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Continental O-470-13A air-cooled aircraft engine

A flat-six or horizontally opposed-six is a flat engine with six cylinders arranged horizontally in two banks of three cylinders on each side of a central crankcase. This should not be confused with the Opposed-piston engine. The pistons are mounted to the crankshaft such that opposing pistons move back and forth in opposite directions at the same time, somewhat like a boxing competitor punching their gloves together before a fight, which has led to it being referred to as a boxer engine.

The configuration results in inherently good balance of the reciprocating parts, a low center of gravity, and a very short engine length. The layout also lends itself to effective air cooling. The shape of the engine suits it better for rear engine and mid-engine designs, where the low center of gravity is an advantage; in front engine designs the width interferes with the ability of the front wheels to steer. However, it is an intrinsically expensive design to manufacture, and somewhat too wide for compact automobile engine compartments, which makes it more suitable for luxury sports cars, cruising motorcycles, and aircraft.[1]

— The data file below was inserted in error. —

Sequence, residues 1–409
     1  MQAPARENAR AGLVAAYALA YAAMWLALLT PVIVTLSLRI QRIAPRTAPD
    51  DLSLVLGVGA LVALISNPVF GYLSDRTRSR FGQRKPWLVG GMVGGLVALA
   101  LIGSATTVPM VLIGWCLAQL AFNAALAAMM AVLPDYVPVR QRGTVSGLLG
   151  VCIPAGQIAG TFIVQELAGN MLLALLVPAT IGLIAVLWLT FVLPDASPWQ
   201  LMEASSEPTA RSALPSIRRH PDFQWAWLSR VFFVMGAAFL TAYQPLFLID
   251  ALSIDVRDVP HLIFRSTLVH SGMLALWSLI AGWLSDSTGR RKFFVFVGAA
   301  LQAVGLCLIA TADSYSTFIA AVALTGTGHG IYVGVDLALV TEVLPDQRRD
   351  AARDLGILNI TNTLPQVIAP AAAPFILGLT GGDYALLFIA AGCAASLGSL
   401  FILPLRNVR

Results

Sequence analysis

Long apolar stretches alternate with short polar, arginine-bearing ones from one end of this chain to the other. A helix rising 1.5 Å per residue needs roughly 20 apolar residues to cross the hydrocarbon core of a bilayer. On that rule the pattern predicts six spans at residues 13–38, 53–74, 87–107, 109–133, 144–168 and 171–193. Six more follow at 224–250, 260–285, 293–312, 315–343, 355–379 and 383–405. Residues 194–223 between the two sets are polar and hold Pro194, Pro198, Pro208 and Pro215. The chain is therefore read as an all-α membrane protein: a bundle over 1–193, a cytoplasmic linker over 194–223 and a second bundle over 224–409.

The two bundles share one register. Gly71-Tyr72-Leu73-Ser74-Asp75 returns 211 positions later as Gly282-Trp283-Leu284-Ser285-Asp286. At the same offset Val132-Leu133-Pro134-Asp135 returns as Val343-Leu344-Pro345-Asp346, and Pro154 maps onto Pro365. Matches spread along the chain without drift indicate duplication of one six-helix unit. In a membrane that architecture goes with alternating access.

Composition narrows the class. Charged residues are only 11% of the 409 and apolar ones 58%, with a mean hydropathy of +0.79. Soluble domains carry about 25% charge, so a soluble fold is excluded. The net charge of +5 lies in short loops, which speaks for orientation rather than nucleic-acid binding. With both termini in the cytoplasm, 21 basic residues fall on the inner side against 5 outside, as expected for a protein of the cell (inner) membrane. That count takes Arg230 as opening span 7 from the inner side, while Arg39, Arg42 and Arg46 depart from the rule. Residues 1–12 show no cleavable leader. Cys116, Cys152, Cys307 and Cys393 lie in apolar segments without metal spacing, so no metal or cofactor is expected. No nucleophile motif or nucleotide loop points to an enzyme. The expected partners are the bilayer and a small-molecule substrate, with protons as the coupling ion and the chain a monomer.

Only a few auto makers, including Porsche and Subaru, currently use horizontally opposed engines. Porsche continues to be the most prominent manufacturer of flat-6 engine luxury sports cars, while Subaru uses it in its all-wheel drive cars, where the difficulties of fitting the engine between the front wheels are offset by the efficiency of adding four-wheel drive to the layout. In the past a number of other manufacturers have used them, notably Preston Tucker in the 1948 Tucker Sedan and Chevrolet in the 1960s Corvair with the flat-6 air-cooled Chevrolet Turbo-Air 6 engine. The Citroën DS was originally intended to be fitted with an air-cooled flat-6, but this never materialised.

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Engine balanceEdit

A flat-six engine is able to have perfect primary balance and secondary balance. As per other six-cylinder engines, the overlapping power strokes of the cylinders (with a firing interval of 120 degrees in a four-stroke engine) reduces the pulsating power delivery seen on engines with fewer cylinders. Also, when used in a boxer configuration, a flat-six engine does not have the rocking couple that is present on flat-four engines.[2]

These characteristics result in low vibration for flat-six engines (as per straight-six engines), especially when compared with the imbalances that are present in V6 engines with a 90 degree bank angle.

Use in aircraftEdit

 
1945-1975 Franklin O-335 air-cooled aircraft engine